• Reconsider the menu. If Mom can no longer handle preparing and cooking the traditional meal on her own, make it a group effort. It’s a win-win: Mom can supervise and the next generation can learn all the secrets to making those favorite family recipes.
• Mix it up. Older adults are usually most alert and at their best earlier in the day. Why not plan a holiday brunch rather than a lunch, or attend a daytime religious service instead of the evening one?
• Think simple. You may love seeing the family home all decked out for the season, but hauling boxes of decorations may become impossible for seniors who struggle with mobility and balance issues. Get together with family and friends and decide which holiday decorating traditions to keep and what to forego.
• Be their eyes, hands and feet. When arthritis prevents seniors from writing cards or macular degeneration damages eyesight and makes it difficult to shop for gifts, you can offer to take on those tasks. If time is short, suggest more efficient options such as online shopping and sending ecards.
• Compensate when necessary. If hearing impairment keeps Dad from enjoying the annual holiday movie, check out the latest sound enhancement technology. If Mom is having trouble seeing the deck of playing cards, look for large print cards or activities that can help keep her in the game.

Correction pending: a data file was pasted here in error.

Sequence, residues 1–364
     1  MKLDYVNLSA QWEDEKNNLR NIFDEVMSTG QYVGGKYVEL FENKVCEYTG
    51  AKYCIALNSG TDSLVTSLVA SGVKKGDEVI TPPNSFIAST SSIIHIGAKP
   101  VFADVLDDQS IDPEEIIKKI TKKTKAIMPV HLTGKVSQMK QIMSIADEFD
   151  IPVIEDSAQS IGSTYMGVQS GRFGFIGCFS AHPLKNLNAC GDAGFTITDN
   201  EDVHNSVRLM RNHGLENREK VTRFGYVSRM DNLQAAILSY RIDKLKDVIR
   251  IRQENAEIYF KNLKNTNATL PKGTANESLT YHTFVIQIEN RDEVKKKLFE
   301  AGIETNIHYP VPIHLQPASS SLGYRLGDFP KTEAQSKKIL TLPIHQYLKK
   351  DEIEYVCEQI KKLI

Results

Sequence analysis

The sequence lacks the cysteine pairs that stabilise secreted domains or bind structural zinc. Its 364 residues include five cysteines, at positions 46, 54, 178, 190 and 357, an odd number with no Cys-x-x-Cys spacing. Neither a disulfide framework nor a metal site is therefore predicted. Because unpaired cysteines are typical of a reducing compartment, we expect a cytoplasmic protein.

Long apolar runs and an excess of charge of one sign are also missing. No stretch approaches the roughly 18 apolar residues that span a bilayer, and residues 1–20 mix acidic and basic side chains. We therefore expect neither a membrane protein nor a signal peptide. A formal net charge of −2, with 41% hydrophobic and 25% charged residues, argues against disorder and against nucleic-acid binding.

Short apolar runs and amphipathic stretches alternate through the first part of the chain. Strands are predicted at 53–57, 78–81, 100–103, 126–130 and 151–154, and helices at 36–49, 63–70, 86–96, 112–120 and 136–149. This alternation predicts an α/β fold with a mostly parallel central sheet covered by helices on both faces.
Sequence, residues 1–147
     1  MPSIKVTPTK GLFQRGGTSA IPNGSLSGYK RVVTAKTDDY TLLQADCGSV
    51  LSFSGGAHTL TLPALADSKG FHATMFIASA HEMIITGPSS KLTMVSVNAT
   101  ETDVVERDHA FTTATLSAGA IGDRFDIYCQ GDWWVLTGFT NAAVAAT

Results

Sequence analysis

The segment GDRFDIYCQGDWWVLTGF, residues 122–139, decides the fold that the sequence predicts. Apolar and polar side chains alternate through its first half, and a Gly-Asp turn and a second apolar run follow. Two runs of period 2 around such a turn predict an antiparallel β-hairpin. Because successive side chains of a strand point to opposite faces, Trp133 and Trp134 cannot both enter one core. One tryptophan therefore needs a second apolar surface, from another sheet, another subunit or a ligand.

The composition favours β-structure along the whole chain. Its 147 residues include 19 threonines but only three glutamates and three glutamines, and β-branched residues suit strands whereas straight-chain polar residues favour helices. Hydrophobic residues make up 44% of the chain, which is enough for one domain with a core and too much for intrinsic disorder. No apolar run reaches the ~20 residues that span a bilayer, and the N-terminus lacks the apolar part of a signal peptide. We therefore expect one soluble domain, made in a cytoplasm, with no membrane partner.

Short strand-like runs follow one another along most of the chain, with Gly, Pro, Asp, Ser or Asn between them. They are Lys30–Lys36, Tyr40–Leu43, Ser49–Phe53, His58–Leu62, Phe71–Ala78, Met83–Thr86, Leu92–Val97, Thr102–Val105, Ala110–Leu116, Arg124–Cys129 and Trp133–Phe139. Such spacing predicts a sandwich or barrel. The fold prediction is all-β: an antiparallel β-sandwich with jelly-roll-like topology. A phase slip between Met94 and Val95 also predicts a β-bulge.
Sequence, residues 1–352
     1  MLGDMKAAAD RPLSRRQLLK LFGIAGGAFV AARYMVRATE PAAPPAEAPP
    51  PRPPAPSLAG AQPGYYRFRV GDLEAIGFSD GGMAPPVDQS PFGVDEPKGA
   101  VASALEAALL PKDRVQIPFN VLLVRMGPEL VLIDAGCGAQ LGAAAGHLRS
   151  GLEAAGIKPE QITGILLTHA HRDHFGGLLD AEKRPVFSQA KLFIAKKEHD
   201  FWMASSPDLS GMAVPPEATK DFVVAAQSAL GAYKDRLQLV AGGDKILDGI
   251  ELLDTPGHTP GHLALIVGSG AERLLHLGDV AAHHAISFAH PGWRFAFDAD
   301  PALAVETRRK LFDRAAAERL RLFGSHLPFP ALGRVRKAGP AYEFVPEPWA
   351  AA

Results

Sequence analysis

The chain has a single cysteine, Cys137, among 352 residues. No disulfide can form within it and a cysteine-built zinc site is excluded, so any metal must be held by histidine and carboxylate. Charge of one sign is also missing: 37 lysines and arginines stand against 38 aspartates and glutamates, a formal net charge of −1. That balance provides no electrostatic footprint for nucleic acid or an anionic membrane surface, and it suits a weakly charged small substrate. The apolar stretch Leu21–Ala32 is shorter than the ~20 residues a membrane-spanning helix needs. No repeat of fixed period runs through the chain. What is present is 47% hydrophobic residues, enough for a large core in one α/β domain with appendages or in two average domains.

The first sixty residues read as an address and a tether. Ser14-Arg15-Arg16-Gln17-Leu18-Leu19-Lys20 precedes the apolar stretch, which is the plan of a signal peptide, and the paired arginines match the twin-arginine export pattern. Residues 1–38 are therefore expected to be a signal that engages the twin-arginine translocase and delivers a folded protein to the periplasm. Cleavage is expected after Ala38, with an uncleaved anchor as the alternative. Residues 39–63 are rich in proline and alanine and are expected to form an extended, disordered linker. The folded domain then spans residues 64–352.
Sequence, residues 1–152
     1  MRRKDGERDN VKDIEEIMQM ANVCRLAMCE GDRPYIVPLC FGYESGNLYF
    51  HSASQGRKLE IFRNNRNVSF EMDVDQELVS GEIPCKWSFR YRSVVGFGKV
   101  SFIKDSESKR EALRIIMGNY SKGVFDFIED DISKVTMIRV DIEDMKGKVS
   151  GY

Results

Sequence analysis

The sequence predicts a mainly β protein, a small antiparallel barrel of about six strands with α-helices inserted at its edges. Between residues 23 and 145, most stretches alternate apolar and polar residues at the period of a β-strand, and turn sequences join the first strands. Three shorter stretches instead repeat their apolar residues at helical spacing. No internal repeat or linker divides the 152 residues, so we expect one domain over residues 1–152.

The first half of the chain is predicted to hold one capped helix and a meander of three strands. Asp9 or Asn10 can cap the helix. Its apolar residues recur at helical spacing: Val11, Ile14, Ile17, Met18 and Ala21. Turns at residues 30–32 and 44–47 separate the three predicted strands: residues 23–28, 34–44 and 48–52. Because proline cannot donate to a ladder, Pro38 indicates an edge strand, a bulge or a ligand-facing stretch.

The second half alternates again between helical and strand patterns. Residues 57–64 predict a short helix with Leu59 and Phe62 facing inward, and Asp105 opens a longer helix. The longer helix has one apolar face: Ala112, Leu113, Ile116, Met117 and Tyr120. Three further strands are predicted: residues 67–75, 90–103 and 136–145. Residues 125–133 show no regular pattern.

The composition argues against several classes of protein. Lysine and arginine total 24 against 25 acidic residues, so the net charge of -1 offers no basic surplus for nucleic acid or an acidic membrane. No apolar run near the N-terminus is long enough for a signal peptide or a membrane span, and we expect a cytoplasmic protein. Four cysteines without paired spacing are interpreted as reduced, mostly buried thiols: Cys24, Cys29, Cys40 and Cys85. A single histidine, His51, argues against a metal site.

• Hit the road. You no doubt remember it as a child – those holiday light tours that you and your parents loved. A holiday driving tour is an easy way to bring back the memories and joy to an older adult who can no longer decorate.
• Go Skype. Distance can separate older adults from loved ones, which exacerbates loneliness, isolation and depression during the holidays. Use the latest technology to help an older adult stay connected to loved ones from afar.
• Relive memorable moments. Seniors with Alzheimer’s disease and other dementias will especially appreciate opportunities to tap into old memories. Listen to favorite carols and ask your loved one to share his or her most vivid memories, like taking a horse-drawn sleigh ride or hunting game for the holiday meal. Talking about the ornaments on the tree often bring up great stories.
• Make new memories. Sometimes, things must change. If an older adult can’t participate in the holiday or is hospitalized, why not create a simple video that shares highlights of the season? Or arrange to have a group sing carols to your senior loved one – traditional songs from his or her generation.
• Get help! One of the best ways to adapt holiday activities is to ask for help. Enlisting the help of a professional caregiver to help with meal preparation or to provide transportation for your loved one can lighten the load for families and free them up to maximize special holiday time with their senior loved one.
Happy Holidays! May your days be full of traditions, of gatherings together (even if by Skype!) and sharing with those you love.
DEB CRANNY is the executive director at Home Instead Senior Care in Brainerd.